Forbes India 30 Under 30 2023

Wavemaker India's Vishal Jacob: Our product is our people and transforming them becomes critical

Vishal Jacob, chief digital and transformation officer, Wavemaker India, on new client demands, what excites CMOs these days, talent and skills in demand, and more

Published: Jan 24, 2023 05:33:34 PM IST
Updated: Jan 24, 2023 05:52:07 PM IST

Wavemaker India's Vishal Jacob: Our product is our people and transforming them becomes critical"Personally, I am excited about Generative Artificial Intelligence. Artificial Intelligence has been there for a while. However, the conversation around Generative Artificial Intelligence has picked up quickly because it is helping in creating content. That’s something consumers and brands haven’t experienced before. Of course, it has its pros and cons. Interesting times ahead for sure," says Vishal Jacob, chief digital and transformation officer, Wavemaker India

In 2022, Wavemaker India added over $90 million in billings from new business and had a strong stake in global wins like Danone and Audible, as well as the retention of a marquee account - Mondelez. Toby Jenner, the global CEO of Wavemaker told Storyboard18 how his India team is putting the agency on the global map. Jenner also said that they are proving that creativity and new technology have transformational powers when combined. One of the key members of his India team that’s driving a team of specialists and helping marketers solve new-age problems is Vishal Jacob.

Jacob, the chief digital and transformation officer of Wavemaker India, has held several positions across GroupM for the most part of his career. We caught up with Jacob to ask him what really the role of a chief transformation officer is. He also apoke about new client demands, what excites CMOs these days, talent that agencies need today, and more.

Edited excerpts.

Q. What's the job of a chief transformation officer?
As a transformation officer, I wear two hats. Let me give you some perspective, the recent meetings that I have had with a few CMOs were not about marketing but it revolved around their complex business problems. Today, CMOs expect agencies like us to have skillsets to help them understand these problems. My role, therefore, is to get specialists who can help in decoding these challenges. I orchestrate these specialists and pre-empt what marketers are looking for from agencies like us.

There are new roadblocks for several companies. Let me give you an example. Legacy brands are facing new challenges with new competitive brands venturing into their categories. They are feeling the heat. They are looking at restructuring certain aspects of their business keeping digital at the center. People like us wear the hat of consultants and help them navigate differently. That in a nutshell is the role of a transformation officer.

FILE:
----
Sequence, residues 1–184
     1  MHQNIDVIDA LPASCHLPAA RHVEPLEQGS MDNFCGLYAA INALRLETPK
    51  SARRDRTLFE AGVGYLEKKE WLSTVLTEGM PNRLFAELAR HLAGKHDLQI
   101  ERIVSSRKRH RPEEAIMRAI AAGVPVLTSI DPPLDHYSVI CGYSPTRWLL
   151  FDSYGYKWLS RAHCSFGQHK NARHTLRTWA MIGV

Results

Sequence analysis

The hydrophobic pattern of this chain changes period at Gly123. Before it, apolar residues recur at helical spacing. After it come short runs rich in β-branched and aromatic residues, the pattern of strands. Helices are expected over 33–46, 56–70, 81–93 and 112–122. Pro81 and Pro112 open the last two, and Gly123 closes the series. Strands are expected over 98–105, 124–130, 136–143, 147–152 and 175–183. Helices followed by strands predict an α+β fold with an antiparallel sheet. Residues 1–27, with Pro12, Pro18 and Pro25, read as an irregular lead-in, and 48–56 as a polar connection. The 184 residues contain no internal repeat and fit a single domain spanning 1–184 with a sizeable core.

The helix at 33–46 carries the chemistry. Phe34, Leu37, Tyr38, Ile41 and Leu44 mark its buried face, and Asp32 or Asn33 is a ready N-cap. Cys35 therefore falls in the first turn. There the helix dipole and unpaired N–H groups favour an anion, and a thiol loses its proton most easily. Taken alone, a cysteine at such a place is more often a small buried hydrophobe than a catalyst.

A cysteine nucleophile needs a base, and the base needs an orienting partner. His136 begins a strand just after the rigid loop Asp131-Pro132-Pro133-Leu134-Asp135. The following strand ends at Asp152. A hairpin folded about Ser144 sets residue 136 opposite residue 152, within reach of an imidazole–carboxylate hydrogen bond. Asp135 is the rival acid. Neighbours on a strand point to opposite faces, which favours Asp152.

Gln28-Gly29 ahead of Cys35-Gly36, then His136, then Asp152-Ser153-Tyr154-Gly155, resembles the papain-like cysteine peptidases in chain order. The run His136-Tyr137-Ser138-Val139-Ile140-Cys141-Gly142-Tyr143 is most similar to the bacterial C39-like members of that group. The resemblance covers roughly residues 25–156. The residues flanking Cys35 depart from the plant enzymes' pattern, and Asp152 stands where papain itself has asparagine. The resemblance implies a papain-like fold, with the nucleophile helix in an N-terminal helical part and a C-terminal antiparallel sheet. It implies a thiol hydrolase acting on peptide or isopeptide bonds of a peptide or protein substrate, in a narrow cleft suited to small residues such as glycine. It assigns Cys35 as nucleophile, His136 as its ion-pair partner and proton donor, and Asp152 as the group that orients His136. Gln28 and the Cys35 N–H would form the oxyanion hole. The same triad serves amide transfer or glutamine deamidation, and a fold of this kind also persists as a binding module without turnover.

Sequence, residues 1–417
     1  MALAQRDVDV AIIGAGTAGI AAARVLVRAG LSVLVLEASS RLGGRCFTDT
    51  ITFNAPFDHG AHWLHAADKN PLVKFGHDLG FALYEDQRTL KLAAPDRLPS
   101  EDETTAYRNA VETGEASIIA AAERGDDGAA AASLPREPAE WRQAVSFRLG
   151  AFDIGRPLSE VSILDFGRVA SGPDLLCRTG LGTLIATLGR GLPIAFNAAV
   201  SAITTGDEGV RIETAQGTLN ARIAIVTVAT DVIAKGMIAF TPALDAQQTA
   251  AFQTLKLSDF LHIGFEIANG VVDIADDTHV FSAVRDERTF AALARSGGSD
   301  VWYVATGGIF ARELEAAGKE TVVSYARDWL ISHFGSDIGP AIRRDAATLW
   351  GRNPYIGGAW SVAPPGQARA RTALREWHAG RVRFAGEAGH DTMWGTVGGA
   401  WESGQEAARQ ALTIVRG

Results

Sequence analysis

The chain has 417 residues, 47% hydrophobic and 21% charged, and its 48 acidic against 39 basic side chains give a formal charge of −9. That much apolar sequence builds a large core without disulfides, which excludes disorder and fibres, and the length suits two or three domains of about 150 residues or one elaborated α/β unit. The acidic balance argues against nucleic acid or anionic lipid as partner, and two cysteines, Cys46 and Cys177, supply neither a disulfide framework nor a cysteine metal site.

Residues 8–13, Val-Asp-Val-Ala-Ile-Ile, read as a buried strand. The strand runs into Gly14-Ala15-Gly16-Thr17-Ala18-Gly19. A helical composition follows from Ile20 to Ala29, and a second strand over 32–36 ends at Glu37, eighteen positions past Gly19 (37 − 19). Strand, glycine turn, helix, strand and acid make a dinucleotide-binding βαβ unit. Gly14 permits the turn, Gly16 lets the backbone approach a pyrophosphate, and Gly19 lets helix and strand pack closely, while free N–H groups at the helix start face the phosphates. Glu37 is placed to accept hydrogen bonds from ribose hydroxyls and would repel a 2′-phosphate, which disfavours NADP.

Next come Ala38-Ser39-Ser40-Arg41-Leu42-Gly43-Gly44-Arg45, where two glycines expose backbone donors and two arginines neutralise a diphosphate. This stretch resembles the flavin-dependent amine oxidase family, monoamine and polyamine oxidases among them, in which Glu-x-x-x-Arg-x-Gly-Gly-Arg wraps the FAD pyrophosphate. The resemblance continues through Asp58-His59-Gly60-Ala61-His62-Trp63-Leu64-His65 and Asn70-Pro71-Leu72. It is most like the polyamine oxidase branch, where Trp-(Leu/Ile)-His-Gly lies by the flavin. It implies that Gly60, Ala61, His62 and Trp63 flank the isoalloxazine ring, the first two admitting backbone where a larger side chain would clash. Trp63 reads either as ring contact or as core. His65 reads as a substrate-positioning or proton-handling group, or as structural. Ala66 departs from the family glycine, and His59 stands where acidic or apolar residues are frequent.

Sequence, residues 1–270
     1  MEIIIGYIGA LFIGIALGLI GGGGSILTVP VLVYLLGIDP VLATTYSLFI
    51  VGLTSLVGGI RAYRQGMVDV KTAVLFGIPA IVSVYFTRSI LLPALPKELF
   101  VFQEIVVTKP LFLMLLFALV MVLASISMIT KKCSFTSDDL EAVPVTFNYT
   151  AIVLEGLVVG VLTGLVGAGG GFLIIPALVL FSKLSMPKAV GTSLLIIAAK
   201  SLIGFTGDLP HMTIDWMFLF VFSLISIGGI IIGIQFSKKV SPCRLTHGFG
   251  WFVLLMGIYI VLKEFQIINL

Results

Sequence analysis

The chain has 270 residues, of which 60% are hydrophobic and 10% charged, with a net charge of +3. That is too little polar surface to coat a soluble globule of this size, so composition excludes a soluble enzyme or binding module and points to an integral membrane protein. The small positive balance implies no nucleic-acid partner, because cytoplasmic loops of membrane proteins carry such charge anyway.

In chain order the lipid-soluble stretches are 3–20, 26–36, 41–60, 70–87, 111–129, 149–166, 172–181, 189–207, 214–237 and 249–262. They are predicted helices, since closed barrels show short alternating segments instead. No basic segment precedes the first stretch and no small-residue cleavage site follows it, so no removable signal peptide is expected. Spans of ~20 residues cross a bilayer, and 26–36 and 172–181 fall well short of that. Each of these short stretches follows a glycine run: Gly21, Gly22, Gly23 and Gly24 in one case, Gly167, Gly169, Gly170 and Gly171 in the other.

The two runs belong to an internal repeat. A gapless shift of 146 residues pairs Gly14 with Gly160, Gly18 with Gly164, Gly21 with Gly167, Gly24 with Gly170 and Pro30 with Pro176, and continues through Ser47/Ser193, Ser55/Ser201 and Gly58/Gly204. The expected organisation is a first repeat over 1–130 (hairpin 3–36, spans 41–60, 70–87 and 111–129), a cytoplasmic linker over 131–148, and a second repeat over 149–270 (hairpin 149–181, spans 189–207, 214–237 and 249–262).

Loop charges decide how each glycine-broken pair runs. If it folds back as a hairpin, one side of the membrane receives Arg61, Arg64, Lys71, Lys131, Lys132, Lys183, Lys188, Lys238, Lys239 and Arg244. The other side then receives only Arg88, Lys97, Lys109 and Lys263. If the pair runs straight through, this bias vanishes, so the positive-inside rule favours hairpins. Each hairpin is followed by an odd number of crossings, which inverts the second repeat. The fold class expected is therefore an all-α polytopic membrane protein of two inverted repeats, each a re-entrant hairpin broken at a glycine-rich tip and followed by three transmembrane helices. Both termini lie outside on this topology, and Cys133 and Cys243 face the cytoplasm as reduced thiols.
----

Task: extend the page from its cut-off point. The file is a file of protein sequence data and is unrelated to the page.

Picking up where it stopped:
Also read: Wavemaker's global CEO Toby Jenner: Media and advertising have had a 'work hard, play hard' reputation

Q. Many in the industry believe agency job titles are becoming increasingly complex. What's your take on this?
I look at this in two ways. When it comes to a designation, it’s a function that one holds and a level at which he/she rises to. When it comes to levels, every organisation has a certain structure. We look at diversity seriously within our own agency. We have multiple people who come in with different backgrounds and skill sets. Let me give you an example. We have a function called Addressability, which works on personalising communication for a specific set of audiences. For Addressability to come together we need different teams to work together. I need talent that understands media, AI, ad operations along with strategists, copywriters, and designers. If I have similar or flat designations it might not be aspirational and inspirational for these people. That’s a bit of a challenge on that front. From an agency point of view, therefore it is important to get diverse resources. To the external world, these may sound like fancy titles, but there is more to the titles.

Q. As a hardcore digital enthusiast, what are the marketing trends that you didn't expect to take off in 2022?
There were a few areas that we did think that it was early to invest in but it ramped up. In the last quarter of 2021, we did a town hall on Web3, this was much before Facebook became Meta. We pre-empted this and build an interesting narrative on why clients will be interested in Web3. The way things took off, a lot of clients were expecting points of view for the metaverse. There was a lot of hype around it. We did latch on to some of these opportunities. Honestly, we didn’t expect it to take off so soon.